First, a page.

Let’s continue with this idea of travel as a form of escape and pick a novel in which the character goes even further north to evade capture.
Washington Black by Esi Edugyan sees a young slave boy travel take flight from a cotton plantation in 19th-century Barbados, ending up in the Arctic circle. He does travel by road and rail occasionally but the most remarkable journey in the novel is the one he takes by hot air balloon. As a plot device that takes some beating!
So that’s my #6Degrees; moving from a dystopian novel to stories set in harsh landscapes and ending with a journey to the end of the earth. We’ve travelled by foot, train and balloon (doesn’t quite have the same ring as planes, trains and automobiles but I tried my best)…
Next month we start with a book that it seems impossible to escape right now – Normal People by Sally Rooney.
Six Degrees of Separation is a meme hosted by Kate over at Books Are My Favourite and Best. It works like this: each month, a book is chosen as a starting point and linked to six others to form a chain. A book doesn’t need to be connected to all the titles on the list, only to the one next to it in the chain.
This month’s Six Degrees of Separation begins with a book that has divided opinion ever since it was published in 2014.
How to Be Both by Ali Smith contains two stories. One story features the Italian renaissance artist, Francesco del Cossa, a real-life figure who produced a series of frescoes in the Palazzo Schifanoia in Ferrara, Italy. The other story, relates to a teenage girl called George whose mother has just died and who is left struggling to make sense of her death with her younger brother and her emotionally disconnected father.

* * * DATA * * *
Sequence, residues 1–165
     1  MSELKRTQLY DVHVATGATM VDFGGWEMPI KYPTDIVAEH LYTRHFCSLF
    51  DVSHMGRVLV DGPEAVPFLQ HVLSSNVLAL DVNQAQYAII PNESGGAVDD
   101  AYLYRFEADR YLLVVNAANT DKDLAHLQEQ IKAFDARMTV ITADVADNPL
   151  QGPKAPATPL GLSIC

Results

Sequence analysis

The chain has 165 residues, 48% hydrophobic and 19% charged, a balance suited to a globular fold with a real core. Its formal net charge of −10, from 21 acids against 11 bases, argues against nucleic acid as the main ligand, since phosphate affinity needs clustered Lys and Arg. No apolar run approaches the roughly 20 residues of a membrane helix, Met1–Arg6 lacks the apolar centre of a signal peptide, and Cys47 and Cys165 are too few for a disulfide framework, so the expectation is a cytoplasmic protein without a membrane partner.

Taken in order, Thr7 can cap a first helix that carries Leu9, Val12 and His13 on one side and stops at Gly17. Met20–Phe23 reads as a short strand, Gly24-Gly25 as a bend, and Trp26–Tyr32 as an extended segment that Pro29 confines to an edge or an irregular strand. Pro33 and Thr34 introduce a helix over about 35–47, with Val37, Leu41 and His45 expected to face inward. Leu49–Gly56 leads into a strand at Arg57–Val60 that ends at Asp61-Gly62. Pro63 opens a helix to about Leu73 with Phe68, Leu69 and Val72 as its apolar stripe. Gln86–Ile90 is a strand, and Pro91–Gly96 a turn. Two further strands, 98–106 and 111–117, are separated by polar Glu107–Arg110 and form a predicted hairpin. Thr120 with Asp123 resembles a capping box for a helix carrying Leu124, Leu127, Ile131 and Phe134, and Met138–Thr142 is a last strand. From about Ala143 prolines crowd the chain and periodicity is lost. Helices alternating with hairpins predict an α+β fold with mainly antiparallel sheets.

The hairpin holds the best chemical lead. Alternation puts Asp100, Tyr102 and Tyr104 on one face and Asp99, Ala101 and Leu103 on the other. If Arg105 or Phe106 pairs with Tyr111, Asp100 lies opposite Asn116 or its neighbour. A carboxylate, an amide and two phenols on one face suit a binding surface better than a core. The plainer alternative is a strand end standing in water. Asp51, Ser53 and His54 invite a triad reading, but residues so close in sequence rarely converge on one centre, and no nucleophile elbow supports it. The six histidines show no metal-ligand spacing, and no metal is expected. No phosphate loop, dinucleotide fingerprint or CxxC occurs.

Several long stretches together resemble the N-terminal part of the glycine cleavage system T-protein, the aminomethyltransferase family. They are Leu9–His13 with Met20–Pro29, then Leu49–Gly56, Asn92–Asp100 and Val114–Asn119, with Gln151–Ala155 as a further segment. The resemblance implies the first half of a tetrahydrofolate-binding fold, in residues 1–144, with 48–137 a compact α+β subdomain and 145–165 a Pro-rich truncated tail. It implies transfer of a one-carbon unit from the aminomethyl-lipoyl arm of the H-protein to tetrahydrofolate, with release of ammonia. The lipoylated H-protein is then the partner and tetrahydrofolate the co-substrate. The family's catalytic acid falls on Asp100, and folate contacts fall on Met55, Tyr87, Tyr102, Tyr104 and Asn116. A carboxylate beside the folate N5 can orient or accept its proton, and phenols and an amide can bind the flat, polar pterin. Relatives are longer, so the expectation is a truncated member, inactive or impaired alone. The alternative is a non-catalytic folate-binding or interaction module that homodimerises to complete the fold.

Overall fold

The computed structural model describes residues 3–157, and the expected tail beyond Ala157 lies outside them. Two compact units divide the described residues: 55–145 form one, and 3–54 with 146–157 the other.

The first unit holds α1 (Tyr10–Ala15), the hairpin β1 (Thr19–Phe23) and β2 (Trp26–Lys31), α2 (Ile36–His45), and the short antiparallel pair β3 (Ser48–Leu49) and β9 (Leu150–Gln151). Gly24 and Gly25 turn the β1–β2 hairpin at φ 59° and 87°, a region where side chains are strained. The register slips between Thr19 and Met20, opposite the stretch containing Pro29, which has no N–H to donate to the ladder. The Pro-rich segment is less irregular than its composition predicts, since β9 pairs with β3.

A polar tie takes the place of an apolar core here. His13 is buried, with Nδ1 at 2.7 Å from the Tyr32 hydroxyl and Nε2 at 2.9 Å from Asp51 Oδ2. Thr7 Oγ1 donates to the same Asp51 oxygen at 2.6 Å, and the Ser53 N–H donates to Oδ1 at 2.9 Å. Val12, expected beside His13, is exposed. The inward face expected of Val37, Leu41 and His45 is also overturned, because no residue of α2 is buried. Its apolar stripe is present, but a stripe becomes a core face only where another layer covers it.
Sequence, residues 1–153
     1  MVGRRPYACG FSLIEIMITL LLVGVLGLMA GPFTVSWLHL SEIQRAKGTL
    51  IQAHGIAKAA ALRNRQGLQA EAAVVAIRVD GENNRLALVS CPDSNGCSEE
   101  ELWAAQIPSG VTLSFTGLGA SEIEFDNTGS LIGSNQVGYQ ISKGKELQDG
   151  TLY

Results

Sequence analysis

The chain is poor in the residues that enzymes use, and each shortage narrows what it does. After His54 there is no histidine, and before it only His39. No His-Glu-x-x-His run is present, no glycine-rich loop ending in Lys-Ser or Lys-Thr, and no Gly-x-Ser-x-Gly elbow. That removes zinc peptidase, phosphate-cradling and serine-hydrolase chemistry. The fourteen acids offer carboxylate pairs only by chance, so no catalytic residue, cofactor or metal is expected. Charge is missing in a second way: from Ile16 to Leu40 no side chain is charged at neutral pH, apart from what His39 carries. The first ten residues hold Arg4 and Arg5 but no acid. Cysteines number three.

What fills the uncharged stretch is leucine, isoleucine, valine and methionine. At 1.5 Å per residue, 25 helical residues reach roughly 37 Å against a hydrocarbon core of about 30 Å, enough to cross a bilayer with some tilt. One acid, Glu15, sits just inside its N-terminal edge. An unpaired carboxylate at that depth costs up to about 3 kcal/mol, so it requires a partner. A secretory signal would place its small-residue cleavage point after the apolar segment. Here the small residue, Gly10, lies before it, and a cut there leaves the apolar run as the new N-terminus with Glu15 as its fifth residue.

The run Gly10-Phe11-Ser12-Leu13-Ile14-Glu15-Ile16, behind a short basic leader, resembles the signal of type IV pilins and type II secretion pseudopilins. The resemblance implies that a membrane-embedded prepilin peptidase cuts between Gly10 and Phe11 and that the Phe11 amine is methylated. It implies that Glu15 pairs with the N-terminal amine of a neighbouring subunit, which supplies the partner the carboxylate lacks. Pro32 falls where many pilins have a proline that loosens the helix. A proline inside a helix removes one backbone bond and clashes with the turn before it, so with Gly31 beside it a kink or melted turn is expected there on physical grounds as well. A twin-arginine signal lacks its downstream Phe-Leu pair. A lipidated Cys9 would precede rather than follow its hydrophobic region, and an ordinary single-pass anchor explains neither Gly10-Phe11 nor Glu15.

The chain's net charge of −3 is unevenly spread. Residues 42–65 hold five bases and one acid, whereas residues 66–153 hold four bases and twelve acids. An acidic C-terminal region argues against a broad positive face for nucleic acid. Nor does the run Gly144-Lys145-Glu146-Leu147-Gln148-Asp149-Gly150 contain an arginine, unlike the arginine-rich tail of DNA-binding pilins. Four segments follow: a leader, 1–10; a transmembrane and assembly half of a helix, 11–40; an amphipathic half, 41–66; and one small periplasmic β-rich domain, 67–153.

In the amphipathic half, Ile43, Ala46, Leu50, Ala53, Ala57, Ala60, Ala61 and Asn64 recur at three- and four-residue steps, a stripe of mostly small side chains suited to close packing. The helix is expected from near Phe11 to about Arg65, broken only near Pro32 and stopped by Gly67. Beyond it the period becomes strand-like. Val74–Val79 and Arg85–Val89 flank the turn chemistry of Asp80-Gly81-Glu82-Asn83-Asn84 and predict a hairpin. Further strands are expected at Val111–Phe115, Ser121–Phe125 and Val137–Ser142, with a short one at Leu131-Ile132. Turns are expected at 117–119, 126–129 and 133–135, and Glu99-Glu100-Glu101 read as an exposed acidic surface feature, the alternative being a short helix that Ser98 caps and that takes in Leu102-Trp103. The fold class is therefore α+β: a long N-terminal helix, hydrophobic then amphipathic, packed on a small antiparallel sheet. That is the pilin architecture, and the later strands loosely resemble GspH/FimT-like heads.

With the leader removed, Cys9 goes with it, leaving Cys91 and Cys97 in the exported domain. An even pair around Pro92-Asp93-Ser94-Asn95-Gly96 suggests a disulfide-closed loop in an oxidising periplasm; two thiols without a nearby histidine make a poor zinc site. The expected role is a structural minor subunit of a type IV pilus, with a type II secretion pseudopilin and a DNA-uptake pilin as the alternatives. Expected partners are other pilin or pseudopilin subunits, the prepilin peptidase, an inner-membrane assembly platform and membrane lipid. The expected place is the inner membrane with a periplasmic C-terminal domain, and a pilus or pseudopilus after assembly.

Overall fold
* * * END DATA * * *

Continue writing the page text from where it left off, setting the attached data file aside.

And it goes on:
The book was published in such a way that readers might either begin with Francesco or with George. My copy opened with the Italian artist and I was immediately captivated. (see my review here ). But I know quite a number of bloggers whose opinion I value didn’t rate the book at all.
How to Be Both was shortlisted for the Man Booker Prize but the prize went instead to the Australian author Richard Flanagan with The Narrow Road to the Deep North.
This was such a superb book that I’ve struggled to write a review that would do it justice. It’s one of the few Booker prize winners that I want to re-read.
This is a novel set in the context of one of the most infamous episodes in World War 2: the construction of the Thailand-Burma Death Railway. At the heart of Flanagan’s novel is an Australian surgeon, Dorrigo Evans, who to his astonishment becomes something of a legend for his wartime courage at a Japanese POW camp on the Death Railway. The novel ends with an encounter between Evans and one of those captors.
A similar encounter takes place in The Railway Man by Eric Lomax.